Before my daughter Zoë was born, a friend said to me, "Go to all the movies you can now since you won't be able to later!" I found this irritating. Not only because it sounded ominous—I love everything about movies, from counting the number of previews to arguing about the film afterward—but because everyone was telling me the same thing: You can't go to movies, you can't go to parties, you can't eat out, you can't take trips. They were all variations on the same sad idea: "Your life as you know it is over." I would nod at these people, seethe inside, and think, "Watch me." And I made plans to do all the things these people said I couldn't do, refusing to entertain the possibility that they were right.
So here we are at the movies. Tonight's film has lots of explosions and car chases. Some people in the audience are screaming, and some are crying, though not in the way you might expect. We're in Oakland, Calif., at the Parkway Theater, which looks like it was cool in the 1930s. It has an old marquee, and some guy climbs a ladder to hang individual letters each week.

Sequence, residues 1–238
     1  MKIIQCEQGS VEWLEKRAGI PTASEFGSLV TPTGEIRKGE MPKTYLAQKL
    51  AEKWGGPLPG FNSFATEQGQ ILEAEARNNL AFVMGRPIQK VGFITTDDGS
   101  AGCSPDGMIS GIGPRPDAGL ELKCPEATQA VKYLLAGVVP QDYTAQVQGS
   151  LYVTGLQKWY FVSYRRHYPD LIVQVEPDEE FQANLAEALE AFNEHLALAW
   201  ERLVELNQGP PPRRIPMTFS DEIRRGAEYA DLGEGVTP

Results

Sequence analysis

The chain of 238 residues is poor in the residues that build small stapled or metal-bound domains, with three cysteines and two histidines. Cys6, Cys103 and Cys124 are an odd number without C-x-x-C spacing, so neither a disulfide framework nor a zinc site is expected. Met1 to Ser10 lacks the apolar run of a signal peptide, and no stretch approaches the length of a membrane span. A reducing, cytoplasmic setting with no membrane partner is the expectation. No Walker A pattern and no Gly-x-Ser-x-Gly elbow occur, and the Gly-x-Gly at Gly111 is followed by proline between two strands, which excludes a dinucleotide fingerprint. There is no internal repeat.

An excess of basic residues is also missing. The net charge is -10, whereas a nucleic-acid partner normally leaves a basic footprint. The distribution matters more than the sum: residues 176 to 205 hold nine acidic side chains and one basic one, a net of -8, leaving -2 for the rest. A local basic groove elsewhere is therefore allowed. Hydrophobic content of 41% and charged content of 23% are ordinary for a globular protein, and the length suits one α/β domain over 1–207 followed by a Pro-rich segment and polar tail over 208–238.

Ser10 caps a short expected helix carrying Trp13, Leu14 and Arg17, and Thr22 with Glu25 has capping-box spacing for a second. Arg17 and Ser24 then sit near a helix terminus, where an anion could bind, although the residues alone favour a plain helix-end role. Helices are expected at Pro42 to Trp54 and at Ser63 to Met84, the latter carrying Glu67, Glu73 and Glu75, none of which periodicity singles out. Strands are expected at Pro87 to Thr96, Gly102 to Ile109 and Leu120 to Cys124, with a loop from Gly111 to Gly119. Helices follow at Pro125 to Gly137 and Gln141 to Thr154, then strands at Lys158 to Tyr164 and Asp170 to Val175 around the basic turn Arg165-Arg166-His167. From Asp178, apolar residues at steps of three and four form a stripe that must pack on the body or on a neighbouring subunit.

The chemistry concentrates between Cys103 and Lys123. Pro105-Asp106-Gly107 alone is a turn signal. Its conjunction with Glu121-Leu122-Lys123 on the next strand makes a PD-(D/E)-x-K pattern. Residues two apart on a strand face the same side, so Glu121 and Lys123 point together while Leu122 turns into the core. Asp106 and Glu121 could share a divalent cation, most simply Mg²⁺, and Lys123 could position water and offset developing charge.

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Above the marquee, the "PARKWAY" sign flashes in green Art Deco neon. Tickets come ripped from a wheel. It's the type of place where the experience of going to the theater is often better than whatever's showing. Every Monday night, the Parkway opens its doors to parents and their newborns. They call it "Baby Brigade." There's only one rule: The baby can't walk. Parents who come early grab the couches near the screen; latecomers take the lounge chairs in the back. The theater soon fills with baby seats and toys and a low-level babble. Parents walk around with infants on their hips, greeting friends from birthing classes or mothers' groups.
In the red-carpeted lobby, a line forms for pizza and beer and wine. The lights go down; the babbling continues. After a taped announcement from the Parkway's owners, urging us not to leave dirty diapers in the beer pitchers, the movie starts.